Justin Carroll is a lawyer at a big firm in Manhattan. A 32-year-old assoicate, he is expected to wear a suit every day. But, as a 6'4" former NCAA swimmer, Carroll’s endowed with 38"-long arms, which are longer than the longest off-the-rack suit he could find in a store. “The Nordstrom brothers [of department store fame] were tall guys, so they at least offer 37" sleeves, but I still needed longer,” Carroll says.
Then a fellow trainee tipped him off to a tailor from Hong Kong operating out of a nearby hotel suite. For a big guy and frequent gym goer, Carroll says his first appointment was nothing short of an epiphany. Forget Big & Tall—he could now spend roughly the same amount and custom-order clothing to perfectly fit every contour of his bulging body. Michael Phelpsian arms? No sweat. Been hitting the bench hard? No problem, here’s a shirt with a sea-sail torso. Since then, Carroll has never worn a shirt or suit that wasn’t custom made.
But let’s say you’re not a superfit dude exiled from the world of standard sizing: Who hasn’t wanted a made-to-measure suit at department-store-chain prices? Thankfully, Hong Kong tailoring—that old-school, word-of-mouth institution once available only to the international banking set—is more accessible to the regular guy than ever before. That is—if you know where to look.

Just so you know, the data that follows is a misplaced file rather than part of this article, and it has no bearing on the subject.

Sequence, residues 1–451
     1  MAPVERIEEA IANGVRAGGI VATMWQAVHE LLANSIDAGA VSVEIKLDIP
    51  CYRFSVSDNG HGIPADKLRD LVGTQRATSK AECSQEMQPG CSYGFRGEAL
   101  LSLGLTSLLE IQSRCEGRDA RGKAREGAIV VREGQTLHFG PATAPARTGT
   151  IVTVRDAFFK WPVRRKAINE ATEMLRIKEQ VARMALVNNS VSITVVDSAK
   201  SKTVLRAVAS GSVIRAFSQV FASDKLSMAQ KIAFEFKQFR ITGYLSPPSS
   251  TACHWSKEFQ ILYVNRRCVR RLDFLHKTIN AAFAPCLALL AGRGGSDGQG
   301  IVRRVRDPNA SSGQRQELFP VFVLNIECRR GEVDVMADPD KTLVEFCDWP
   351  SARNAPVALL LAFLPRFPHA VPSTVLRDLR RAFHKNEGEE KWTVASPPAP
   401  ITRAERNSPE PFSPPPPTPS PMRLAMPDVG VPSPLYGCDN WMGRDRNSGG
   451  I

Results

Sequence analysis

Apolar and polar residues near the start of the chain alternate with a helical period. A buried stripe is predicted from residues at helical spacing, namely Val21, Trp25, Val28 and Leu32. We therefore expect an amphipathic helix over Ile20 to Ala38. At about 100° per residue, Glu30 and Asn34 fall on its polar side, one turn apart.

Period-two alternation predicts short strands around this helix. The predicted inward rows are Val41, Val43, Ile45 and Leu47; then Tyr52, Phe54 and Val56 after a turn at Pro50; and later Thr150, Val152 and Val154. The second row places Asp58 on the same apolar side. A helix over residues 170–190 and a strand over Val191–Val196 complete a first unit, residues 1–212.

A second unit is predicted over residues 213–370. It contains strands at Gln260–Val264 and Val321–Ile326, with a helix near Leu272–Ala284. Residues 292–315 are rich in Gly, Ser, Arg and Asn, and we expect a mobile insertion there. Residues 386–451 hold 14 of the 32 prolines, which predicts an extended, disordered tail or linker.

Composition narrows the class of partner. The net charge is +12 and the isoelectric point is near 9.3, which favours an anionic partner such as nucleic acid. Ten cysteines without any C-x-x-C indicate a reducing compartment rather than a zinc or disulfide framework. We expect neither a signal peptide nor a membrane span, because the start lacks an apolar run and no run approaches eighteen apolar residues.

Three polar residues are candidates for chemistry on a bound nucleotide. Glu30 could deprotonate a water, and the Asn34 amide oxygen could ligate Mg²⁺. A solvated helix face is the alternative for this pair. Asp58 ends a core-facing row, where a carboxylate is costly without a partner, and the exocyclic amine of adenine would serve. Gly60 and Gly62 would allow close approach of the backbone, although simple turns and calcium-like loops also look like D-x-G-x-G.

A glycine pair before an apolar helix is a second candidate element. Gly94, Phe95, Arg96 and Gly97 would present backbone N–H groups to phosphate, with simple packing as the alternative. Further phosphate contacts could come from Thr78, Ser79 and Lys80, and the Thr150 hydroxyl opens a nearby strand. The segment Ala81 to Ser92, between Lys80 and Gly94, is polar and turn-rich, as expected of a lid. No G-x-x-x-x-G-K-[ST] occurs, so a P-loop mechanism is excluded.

The world’s best tailors are based in Hong Kong because of China’s Cultural Revolution of the 1960s, which drove a generation of skilled workers out of the mainland. Many of them set up businesses on the neighboring island—then under British rule— where they flourished.
With expert craftsmanship and access to cheaper, higher-grade textiles, the tailors gained a reputation for producing Savile Row-quality product at a fraction of the cost. For years, budget-minded men traveled to them. Then the tailors wised up and expanded their client base by dispatching reps to hotel suites around the world. Now, the service that once required a faded old business card or first-hand referral to score an appointment can be booked online.
Carroll recommends (and uses) a tailor named Kishore Daswani, one of the pioneers of overseas fittings (get his newsletter for updates on U.S. schedules by e-mailing firstname.lastname@example.org). Another reputable and accessible Hong Kong-based operation is Raja Fashions, which lets you book an appointment on its website (raja-fashions.com).
If neither is visiting stateside near you, don’t worry—check in on the Quality Tourism Services (QTS), run by the Hong Kong Tourism Board. It lists a raft of vendors there, including dozens of suitmakers—such as Simpson’s and Princeton—that routinely make visits to American cities. But whatever you do: Don’t order your suits remotely. The magic of Hong Kong tailoring is what the craftsmen manage to do, in person, with the tape measure.